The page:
By this time, my jaw is hanging open. Now that I have mostly accepted the counterintuitive concept that we are not going to crash, an overpowering thought comes into my head: I wish that every traffic cop and highway patrolman who ever stopped me for speeding could be made to take a van ride with this guy. Two more sharp corners and we are on the long backstraight, the four-speed automatic upshifting smoothly at full throttle. I glance at the speedo and it is swinging through 90 MPH. Chris begins to brake for the left-right dogleg, and then we will be at Turn 12.

    The van rocks on its springs as it negotiates the two turns, and I stare at the bridge with Michelin logo which looms up ahead. The track in front of us passes under this bridge and drops out of sight. Knowing what lies ahead, I feel a calm sort of horrified fascination, as if I were watching an impending train wreck.

    "Now back on the throttle, proper line is just under the ‘M’ in ‘Michelin’," Chris explains as the van passes under the bridge. The road drops out from under us, and the feeling is like the first descent on a roller coaster. "Stay far left, follow the old pit lane down, stay on the throttle, here’s your turn-in point, now right towards the apex..." My heart is in my throat as the van lists to the side, the tires just starting to slip. We clip the apex with the tires singing and drift smoothly back towards the left side of the front straight. Then Chris slows the van, the lesson over. I look at the other occupants and see that I am not the only one who is impressed.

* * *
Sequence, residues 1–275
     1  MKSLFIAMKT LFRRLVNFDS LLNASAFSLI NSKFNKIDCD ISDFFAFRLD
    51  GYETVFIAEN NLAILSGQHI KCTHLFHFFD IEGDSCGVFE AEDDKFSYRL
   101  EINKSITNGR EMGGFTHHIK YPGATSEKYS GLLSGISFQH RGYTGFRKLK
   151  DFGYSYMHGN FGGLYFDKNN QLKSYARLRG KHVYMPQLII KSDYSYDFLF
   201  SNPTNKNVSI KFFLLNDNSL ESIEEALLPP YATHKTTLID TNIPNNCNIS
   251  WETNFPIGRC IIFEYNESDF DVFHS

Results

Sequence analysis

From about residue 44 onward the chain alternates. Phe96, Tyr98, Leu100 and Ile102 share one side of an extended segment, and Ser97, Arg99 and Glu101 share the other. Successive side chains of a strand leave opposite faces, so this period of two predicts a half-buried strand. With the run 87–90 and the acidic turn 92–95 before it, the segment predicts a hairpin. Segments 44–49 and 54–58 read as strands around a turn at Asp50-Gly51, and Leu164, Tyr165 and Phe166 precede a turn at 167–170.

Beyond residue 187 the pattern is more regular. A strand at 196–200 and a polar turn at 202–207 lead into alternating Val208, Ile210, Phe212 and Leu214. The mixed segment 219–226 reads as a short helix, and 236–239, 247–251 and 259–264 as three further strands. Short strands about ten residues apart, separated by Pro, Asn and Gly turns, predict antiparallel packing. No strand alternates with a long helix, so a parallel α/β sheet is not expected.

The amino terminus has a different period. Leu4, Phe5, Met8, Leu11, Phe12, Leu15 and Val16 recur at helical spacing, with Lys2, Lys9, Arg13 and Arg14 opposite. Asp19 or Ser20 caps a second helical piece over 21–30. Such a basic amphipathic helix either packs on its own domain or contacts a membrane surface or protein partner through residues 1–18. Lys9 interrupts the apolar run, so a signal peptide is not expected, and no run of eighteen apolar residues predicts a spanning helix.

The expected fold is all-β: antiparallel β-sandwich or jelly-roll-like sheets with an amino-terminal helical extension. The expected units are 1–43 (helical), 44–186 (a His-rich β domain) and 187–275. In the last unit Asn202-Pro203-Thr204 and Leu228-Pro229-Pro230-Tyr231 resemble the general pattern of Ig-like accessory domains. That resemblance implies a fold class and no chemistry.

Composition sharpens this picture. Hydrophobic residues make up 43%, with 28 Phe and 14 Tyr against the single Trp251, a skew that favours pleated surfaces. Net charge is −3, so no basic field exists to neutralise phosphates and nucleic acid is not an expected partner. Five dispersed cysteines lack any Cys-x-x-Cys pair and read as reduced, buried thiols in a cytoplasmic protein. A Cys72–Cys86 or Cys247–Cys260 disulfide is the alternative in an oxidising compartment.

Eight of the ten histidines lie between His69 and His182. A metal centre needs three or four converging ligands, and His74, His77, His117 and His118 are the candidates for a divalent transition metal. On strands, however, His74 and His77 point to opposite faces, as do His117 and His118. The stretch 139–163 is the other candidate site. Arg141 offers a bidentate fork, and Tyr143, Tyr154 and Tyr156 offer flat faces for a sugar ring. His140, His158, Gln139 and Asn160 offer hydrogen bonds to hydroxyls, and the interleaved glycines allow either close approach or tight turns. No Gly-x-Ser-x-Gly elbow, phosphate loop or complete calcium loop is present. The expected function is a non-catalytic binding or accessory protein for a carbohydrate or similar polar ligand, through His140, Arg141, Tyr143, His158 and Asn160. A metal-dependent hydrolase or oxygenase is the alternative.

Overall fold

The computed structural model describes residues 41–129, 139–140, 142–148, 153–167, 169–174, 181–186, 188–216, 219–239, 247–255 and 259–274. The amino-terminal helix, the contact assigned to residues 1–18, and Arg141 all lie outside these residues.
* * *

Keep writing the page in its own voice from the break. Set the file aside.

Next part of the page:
It’s now time for another session of lead/follow, this time around the whole race course. Group 1 goes first, but those of us in Group 2 are allowed to ride as passengers, either in the Panoz cars or with Mike in his Altima. I choose the latter, but discover he already has three riders. Bob Woodhouse is the only Group 1 driver I know, and he has a passenger, so I stand in the pits and watch.

    Half an hour later it is Group 2’s turn. I scrunch myself back into the racing seat, fasten the 5-point harness, and hook up the window net. Our rev limiters are set at 4200 RPM, where they have been all day. Soon we are motoring around the track, following Mike in the Altima. I keep up, but in spite of following the instructor’s line, I find myself braking into the apex and committing other assorted sins. After several laps of this, we head back to the pits.

    As we shut off the cars, I see that the Group 1 drivers are all eager. They are about to go out for open practice, and this is their last session of the day. The instructors give those of us in Group 2 our after-session comments, then admonish the Group 1 drivers that passing is allowed only on the two back straightaways. The instructors head off with their clipboards to various key points around the track to monitor and record the Group 1 drivers’ efforts. I stand in the pit lane and watch cars as they appear under the bridge at the top of the hill and make the sweeping downhill turn onto the front straight.